One detects in the soft-spoken assurances of Tariq Ramadan the hiss of a slitherer. Read Caroline Fourest, or many others, on his slitherings. And then re-read carefully the excerpt from Al-Marayati above. Then go to, or, or to the books of Ibn Warraq and Ayaan Hirsi Ali, or to the articles by many defectors from Islam, or the studies of Islam by the great Western scholars who wrote during the century of flourishing Western scholarship on Islam, roughly from 1870 to 1970, which is roughly when the portcullises came down, to defend the castle of Islam, and the Age of Inhibition began.

When Al-Marayati utters his sly remarks about “love of country” and the “betterment of America,” what do you think he means? What could he possibly mean, if he is a believer in Islam? If you believe in Islam, if you believe in the Message of the Last of the Prophets, then what would be best for America, what would bring about its “betterment”? Surely not more of the same, not more of the same belief that mere men should, through the ballot, decide on the political and legal institutions of this country. Men are, or should ideally be, “slaves of Allah.” And a well-ordered world, according to Muslim doctrine, is that in which the will, not of mere mortals, but of Allah himself, is obeyed. So it is not the will of the people, expressed through elections and representative government, but rather the will of Allah, as expressed in the Qur’an and glossed by the Sunnah, that should prevail. That is surely what Al-Marayati sees as the best hope for this country, the “betterment” for which he, and all of the Believers, will naturally strive. In other words, the entire basis for the American policy is flatly contradicted by the most essential understandings of Islam.

And what does Al-Marayati think of the Constitution of the United States? What, for example, does he think of the First Amendment, and the rights of free speech, and of freedom of conscience, as guaranteed by both the Free Exercise and the Establishment clause? Does Al-Marayati think that anyone in this country who wishes to leave Islam should be perfectly free to do so without any repercussions whatsoever? What does he think about the case of Rifqa Bary? What punishment does he think should properly be meted out to those Muslim men who have, on their own, killed or greatly harmed their own daughters or wives, because they thought their daughters or wives had left Islam, or behaved in a way that brought “dishonor” to the family? And if he thinks such people should be properly punished by the full force of the law, does he also think that people guilty of similar behavior in other countries, such as Jordan or Syria or Iraq or Saudi Arabia, should also be punished? Or does he merely counsel acquiescence in the American legal system because, at present, Muslims cannot change it, and it is more important to outwardly conform -- temporarily -- with the American system so as better to work, over the long term, for changes in America that will lead to what Al-Marayati and those who think and believe like Al-Marayati consider to be the “betterment” of America?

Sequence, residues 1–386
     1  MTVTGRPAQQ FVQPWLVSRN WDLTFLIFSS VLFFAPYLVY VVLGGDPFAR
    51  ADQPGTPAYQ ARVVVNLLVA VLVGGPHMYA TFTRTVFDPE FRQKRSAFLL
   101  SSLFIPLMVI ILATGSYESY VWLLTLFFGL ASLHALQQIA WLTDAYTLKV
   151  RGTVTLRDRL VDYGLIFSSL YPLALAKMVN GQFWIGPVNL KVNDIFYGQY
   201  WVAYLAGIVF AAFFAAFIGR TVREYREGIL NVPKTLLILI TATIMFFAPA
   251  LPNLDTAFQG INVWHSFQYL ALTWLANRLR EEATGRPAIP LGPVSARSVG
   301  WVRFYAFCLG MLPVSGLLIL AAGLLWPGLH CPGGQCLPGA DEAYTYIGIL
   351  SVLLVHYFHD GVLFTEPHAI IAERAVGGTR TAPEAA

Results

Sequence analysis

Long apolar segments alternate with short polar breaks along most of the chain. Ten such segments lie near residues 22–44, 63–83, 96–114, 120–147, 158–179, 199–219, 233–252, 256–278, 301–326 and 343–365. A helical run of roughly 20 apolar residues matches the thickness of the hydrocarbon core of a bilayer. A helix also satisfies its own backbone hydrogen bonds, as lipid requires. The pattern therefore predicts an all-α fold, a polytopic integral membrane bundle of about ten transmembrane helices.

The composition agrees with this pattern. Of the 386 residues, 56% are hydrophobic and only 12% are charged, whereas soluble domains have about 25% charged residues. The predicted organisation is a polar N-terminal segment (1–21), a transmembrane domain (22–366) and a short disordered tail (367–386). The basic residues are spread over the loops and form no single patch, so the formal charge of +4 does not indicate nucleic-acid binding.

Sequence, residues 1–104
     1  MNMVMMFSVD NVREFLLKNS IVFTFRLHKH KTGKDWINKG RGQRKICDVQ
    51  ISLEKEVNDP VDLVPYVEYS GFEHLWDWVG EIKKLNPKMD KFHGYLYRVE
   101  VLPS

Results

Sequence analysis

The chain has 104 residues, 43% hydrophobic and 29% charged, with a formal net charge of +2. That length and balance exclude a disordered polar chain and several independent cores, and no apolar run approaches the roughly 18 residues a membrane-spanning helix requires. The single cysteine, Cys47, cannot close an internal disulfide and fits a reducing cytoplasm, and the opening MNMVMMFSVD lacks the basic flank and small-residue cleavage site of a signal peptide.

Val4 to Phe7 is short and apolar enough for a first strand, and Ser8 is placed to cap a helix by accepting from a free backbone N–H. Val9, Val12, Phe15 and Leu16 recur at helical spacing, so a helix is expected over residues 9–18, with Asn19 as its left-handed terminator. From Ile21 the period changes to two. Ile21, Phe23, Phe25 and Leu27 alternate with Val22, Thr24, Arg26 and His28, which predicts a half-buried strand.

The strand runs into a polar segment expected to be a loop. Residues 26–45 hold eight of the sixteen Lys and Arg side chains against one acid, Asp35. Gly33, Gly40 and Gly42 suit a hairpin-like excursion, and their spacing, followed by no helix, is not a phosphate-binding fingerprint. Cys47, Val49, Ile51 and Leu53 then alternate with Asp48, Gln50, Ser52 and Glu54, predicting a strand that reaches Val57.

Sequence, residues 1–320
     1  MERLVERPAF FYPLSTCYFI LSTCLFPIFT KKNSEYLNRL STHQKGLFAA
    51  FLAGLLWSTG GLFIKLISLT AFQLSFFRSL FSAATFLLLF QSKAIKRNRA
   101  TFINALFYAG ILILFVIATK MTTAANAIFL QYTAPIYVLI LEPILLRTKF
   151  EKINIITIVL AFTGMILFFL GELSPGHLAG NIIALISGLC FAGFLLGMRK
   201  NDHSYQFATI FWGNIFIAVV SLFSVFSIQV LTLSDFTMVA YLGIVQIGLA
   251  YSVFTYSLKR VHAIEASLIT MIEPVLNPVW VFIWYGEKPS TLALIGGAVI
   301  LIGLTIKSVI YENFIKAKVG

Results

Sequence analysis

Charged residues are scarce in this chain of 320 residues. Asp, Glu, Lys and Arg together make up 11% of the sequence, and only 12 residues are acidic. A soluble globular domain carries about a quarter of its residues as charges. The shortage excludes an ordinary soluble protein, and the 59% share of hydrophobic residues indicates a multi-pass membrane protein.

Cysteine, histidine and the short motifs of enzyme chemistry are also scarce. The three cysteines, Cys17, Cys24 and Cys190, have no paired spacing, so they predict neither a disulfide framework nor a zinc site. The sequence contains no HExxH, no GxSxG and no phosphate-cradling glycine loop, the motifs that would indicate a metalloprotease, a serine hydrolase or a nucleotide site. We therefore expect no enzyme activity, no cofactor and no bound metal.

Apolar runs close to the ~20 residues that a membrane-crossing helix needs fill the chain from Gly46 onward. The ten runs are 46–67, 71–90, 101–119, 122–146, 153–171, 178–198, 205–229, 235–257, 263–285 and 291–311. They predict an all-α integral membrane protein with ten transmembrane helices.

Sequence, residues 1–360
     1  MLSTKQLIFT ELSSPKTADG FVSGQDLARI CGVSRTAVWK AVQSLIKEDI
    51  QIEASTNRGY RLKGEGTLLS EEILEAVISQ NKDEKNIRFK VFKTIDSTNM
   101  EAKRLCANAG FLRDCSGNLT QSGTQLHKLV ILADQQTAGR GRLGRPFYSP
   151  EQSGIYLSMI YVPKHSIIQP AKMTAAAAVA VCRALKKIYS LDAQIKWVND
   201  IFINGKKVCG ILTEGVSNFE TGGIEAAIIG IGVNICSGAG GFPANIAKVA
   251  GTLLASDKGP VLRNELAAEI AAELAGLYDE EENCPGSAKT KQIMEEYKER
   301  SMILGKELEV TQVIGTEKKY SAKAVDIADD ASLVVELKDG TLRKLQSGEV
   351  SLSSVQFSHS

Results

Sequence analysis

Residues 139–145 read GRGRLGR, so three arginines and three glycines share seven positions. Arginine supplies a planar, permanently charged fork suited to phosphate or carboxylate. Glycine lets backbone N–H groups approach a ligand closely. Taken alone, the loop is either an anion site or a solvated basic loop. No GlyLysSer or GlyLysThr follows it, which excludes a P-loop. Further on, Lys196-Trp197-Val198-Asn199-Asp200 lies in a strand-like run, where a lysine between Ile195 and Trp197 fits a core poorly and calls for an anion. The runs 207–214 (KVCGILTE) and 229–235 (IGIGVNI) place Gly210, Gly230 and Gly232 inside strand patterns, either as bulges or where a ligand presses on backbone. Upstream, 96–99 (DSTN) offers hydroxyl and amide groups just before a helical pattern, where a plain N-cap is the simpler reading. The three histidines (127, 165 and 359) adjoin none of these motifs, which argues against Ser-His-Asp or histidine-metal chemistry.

And what could be “better” for America than the onward march of Islam, and an end to all of those elements, including the Constitution of the United States, that flatly contradict the spirit and letter of Shari’a? Just look around the world, look at the vast lands that over the past 1350 years have been conquered by Islam, ordinarily, though not exclusively, through military force. And look at the wiles and guiles that have helped Muslims avoid having to declare, in their mental baggage, as they leave the Lands of Islam (where all the failures of those lands can be intelligently attributed to the teachings of Islam itself), that they are quite different from refugees from the Nazis, who hated the Nazis and Nazism, and refugees from Communism, who hated the Communists and Communism, despite in a sense being “refugees” from the Misrule, in every sense, of Islam.

No, most of those who leave the awful societies of Dar al-Islam take a bit of Dar al-Islam with them. Yet they flee its natural violence, and aggression, and corruption, and political paralysis, and economic paralysis which are natural results both of the Muslim hatred of bida (innovation), and of the Muslim encouragement of an attitude of inshallah-fatalism. They flee an intellectual wasteland, reflected in such things as openness to the world as suggested by the number of translated works, because in Islam, what is pre—Islamic, or what is non-Islamic, is part of one vast and contemptible Jahiliyya -- save in the one area that seems truly to interest Muslims, and that is the area of weapons manufacture. While they are indifferent to pure science, they seem terribly concerned to acquire the ability to rival or surpass the West in the production, or at least accumulation, of weaponry.